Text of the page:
“I had a parent call me who decided to keep her child out of school because she had an underlying condition. So the school told her, ‘Well, we’re not going to send home [class] work because you should be sending your child into school,’” Grant said.
According to the American Academy of Pediatrics, mid-September—around the time that most public schools had started or were starting up again—saw an 8% increase in the number of children who contracted a COVID-19 infection. Children currently comprise over a quarter of all new infections. Black and Latinx children are more likely than white children to be hospitalized for a COVID-19 infection and Black children are the most likely to be admitted to intensive care units with life-threatening inflammation that results from infection. Unsurprisingly, 63% of parents agree that schools that do not require vaccination for students and staff should mandate mask usage, according to the Kaiser Family Foundation.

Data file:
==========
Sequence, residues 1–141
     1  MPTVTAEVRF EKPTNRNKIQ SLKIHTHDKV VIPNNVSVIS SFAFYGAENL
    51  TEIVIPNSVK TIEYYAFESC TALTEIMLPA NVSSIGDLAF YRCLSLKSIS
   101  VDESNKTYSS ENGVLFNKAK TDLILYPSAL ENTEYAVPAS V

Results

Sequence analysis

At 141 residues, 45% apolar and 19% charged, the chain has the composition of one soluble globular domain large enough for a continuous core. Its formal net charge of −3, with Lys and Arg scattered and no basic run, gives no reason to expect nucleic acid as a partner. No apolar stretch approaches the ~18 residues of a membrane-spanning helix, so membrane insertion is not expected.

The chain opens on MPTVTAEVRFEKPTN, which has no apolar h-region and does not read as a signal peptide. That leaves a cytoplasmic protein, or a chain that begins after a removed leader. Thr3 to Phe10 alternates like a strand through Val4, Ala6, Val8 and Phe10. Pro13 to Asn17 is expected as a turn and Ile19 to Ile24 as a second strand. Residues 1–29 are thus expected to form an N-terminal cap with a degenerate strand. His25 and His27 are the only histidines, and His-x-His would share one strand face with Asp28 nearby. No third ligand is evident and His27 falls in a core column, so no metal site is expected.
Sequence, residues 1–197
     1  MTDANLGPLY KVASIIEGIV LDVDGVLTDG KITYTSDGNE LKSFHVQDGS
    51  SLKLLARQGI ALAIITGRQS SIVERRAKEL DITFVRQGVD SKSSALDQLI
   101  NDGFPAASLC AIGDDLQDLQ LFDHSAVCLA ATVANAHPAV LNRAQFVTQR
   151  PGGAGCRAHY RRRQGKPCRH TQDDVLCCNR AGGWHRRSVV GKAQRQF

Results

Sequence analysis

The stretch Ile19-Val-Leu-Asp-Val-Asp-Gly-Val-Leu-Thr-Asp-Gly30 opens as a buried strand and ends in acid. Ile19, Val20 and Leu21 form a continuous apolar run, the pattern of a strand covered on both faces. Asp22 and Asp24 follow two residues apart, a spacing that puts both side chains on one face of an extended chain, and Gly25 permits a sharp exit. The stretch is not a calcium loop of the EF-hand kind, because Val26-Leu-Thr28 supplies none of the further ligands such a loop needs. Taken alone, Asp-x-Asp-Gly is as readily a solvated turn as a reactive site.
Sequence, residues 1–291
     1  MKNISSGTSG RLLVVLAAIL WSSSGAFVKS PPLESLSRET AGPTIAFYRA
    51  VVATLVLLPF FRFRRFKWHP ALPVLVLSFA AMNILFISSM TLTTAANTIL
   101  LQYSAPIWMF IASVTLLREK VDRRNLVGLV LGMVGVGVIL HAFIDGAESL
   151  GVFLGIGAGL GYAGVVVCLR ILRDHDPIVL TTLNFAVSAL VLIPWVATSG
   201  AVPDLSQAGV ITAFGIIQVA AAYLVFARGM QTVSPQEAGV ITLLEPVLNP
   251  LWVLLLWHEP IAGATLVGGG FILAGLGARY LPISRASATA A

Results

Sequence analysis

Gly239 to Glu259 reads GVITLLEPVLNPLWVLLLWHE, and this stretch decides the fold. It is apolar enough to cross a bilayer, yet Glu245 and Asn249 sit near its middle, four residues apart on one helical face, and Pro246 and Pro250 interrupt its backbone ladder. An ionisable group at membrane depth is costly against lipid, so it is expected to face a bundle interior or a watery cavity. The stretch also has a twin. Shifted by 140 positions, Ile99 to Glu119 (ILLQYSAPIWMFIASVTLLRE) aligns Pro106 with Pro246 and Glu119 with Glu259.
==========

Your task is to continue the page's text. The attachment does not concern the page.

However, even in a Democratic-run state resourced with vaccines and masks, Black parents are often put in the position of having to fight for their child’s safety in school while the definition of “safe” keeps changing. For many, there are no easy choices, and Grant said that many NYC Black parents are so scared of ACS that they’re willing to risk their child’s health by sending them to school instead of keeping them home.
“How messed up is that?” Grant said.
Who does child welfare services actually protect?
The telos of Child Protective Services (CPS), a department housed in the federal Health and Human Services administration, is rooted in the period of legalized American slavery. The legacy of enslavement, which routinely separated families to turn a profit, grew racist ideas about the “fitness” of Black parents and entitlement of white people to make parenting decisions in the “best interests” of Black children. These legally and socially codified rules led to the creation of “child welfare services,” which disproportionately impact low-income families of color, particularly Black families—to this day, over half of Black children and families can expect to be investigated by CPS. The pathways between CPS and foster care systems are well-documented, and so too are the pathways between foster care and incarceration. In other words, experts say that the surveillance of Black families creates and perpetuates a cycle of criminalization of Black people and parents that traumatizes Black children.